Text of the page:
Two Commonly Used Rails Upgrade Strategies

Two Commonly Used Rails Upgrade Strategies

Rails upgrades can be done in many different ways. Depending on the application that you want to upgrade, some ways make more sense than others. There are factors that determine which Rails upgrade strategy is the best for your case, like how big your application is, or how frequently changes are pushed to the master branch. In this article I’ll be covering two common Rails Upgrade strategies so you can decide which one is the best for your application.

One important note before starting: We highly recommend not skipping any Rails version while upgrading. If your goal is to get to Rails 6.0, and you are in 5.0, make sure to first upgrade to 5.1 and then to 5.2. Each minor version of Rails provides deprecation warnings for the next version. If you skip versions you’ll find unexpected errors in your app that will be hard to debug. Some people have used a strategy that does many version jumps at once. This radical approach makes sense only when your Rails application is very small.

Long-running Branch

This strategy consists of having a dedicated branch (e.g. rails-next) that runs the version of Rails that you want to upgrade to. This branch will contain all the necessary changes for the upgrade. Once the upgrade is ready, you deploy the branch to staging to manually test everything.

This approach makes sense only if the application is relatively small. Otherwise the final Pull Request will end up being too large and hard to review. Also, the application shouldn’t have a lot of activity in the master branch. Otherwise it will be hard to maintain because you would have to rebase the rails-next branch really frequently to avoid git conflicts.

Pros of this strategy:

  • It doesn’t require any setup or configuration.

Cons of this strategy:

  • If the application is big and has developers constantly working on new features, this approach is not the best idea.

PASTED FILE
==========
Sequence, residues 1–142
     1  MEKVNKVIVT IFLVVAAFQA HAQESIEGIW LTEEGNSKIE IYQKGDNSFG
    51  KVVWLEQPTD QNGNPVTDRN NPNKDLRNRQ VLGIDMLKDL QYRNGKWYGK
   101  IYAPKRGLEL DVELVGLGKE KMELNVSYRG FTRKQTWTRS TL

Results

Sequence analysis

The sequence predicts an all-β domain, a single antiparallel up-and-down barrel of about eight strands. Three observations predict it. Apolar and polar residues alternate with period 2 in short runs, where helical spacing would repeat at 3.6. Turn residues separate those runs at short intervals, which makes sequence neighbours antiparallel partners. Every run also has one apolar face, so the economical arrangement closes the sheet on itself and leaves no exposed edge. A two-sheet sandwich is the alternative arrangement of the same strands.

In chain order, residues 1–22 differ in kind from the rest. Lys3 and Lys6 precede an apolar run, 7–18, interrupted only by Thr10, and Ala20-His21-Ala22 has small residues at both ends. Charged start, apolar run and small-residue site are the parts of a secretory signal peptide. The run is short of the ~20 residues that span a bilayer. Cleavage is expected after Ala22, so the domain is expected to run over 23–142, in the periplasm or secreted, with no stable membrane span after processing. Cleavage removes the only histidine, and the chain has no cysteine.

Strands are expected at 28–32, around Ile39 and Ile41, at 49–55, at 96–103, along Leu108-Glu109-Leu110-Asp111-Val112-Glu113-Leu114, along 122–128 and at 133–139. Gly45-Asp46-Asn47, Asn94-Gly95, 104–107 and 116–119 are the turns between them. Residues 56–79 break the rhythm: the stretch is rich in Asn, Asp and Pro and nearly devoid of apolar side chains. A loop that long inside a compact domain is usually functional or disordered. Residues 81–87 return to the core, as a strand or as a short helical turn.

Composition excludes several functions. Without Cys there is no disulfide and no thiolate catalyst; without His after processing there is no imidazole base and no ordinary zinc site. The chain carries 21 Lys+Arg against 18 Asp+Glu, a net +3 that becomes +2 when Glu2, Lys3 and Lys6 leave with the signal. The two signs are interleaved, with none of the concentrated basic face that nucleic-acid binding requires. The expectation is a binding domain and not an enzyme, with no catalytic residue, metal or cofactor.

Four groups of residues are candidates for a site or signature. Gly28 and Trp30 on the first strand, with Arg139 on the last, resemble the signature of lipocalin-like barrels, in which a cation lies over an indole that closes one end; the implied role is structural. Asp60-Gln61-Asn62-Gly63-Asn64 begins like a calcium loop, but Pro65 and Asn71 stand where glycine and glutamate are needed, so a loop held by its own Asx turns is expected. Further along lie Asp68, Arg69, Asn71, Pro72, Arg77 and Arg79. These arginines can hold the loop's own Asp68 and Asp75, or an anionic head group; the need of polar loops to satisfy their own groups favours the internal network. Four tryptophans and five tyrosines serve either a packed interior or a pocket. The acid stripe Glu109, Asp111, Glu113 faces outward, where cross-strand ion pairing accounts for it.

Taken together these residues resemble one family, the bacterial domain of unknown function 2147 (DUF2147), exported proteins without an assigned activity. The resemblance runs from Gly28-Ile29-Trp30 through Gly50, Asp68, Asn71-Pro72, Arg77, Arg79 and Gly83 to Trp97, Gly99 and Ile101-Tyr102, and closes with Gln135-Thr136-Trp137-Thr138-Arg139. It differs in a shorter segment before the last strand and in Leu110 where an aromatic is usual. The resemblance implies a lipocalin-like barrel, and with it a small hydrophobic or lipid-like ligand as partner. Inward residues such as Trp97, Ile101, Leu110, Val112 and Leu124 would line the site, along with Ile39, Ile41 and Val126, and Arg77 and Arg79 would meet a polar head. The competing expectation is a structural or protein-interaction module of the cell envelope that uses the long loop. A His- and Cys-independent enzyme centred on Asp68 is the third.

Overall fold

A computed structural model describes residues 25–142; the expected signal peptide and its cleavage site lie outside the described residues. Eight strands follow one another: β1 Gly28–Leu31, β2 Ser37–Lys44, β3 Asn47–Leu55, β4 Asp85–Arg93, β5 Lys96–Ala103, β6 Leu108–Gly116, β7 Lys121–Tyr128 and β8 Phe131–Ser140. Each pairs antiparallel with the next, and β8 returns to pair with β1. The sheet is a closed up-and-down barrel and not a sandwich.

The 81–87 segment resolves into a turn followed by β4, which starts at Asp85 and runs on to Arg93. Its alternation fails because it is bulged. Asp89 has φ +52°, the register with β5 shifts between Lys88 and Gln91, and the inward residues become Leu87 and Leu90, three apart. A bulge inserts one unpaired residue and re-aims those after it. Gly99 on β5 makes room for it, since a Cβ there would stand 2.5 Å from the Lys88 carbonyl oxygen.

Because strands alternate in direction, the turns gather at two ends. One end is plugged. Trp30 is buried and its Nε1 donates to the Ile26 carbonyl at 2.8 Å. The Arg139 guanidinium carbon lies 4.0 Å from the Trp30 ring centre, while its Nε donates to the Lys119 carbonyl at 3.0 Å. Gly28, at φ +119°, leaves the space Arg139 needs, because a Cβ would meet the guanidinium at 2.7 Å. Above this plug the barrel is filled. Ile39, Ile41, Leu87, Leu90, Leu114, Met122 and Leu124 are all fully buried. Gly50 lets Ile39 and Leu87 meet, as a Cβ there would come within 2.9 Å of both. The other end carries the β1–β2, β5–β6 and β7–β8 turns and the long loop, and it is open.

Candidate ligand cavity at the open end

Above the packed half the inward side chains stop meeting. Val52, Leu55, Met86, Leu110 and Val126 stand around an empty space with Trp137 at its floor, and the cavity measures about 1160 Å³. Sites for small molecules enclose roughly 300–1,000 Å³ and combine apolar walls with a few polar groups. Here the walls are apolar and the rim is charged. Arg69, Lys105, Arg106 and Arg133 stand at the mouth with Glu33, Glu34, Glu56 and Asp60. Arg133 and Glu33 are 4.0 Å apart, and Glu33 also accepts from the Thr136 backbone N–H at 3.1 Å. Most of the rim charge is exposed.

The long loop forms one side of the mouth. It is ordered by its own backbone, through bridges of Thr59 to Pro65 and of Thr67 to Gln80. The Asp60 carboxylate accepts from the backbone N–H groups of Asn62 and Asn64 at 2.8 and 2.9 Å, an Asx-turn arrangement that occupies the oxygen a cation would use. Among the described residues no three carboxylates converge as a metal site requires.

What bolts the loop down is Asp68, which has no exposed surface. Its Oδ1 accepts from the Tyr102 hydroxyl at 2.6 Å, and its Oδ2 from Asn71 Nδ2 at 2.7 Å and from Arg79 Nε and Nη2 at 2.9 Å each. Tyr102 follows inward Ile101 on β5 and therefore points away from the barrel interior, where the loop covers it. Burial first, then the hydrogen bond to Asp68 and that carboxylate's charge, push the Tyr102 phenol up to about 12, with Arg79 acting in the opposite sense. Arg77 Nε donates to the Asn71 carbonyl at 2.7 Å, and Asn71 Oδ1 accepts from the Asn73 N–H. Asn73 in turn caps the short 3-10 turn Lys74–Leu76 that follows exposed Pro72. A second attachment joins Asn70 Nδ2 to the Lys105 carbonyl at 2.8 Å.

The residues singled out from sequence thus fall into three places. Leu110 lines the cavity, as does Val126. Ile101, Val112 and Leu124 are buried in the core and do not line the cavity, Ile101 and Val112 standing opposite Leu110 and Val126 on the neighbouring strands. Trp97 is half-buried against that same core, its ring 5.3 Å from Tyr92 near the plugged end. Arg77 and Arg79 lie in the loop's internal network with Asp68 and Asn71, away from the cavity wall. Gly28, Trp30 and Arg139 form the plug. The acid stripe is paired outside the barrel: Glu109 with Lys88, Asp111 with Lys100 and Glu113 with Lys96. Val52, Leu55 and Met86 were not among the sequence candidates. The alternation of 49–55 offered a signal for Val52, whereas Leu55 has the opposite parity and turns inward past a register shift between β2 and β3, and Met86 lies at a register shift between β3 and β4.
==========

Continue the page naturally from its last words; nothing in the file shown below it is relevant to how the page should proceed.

• Once the rails-next branch is merged and deployed to staging/production, it can be hard to debug unexpected issues since the branch contains many different kinds of changes.

Dual Boot + Small Pull Requests

This strategy involves running your application with two different versions of Rails, the one your application is currently running (e.g. Rails 5.0), and the one you want to upgrade to (e.g. Rails 5.1). Once that configuration is implemented, the idea is to submit small Pull Requests that fix specific things for the next version of Rails, and then gradually deploy those Pull Requests to staging and production.

This approach is what we recommend for most Rails upgrades.

Pros of this strategy:

  • It allows you to regularly deploy small changes to staging/production and gradually upgrade your application.
  • It allows you to easily switch versions in development to debug any discrepancy between your current version of Rails and the next one.
  • It allows you to run two versions of Rails in your CI service. This is really important so you make sure that you don’t break anything in the current test suite while working on the upgrade.

Cons of this strategy:

  • It takes more work to setup.
  • Since you’re creating Pull Requests for every set of changes, the process can be slower.

Examples of successful Rails upgrades using this approach:

For more details about dual booting, check out our article about it: How to Dual Boot your Rails Application opens a new window .


Hopefully by now you understand when it’s more appropriate to use one strategy or the other. Let us know in the comments if you have any other strategy that you think it worth mentioning.

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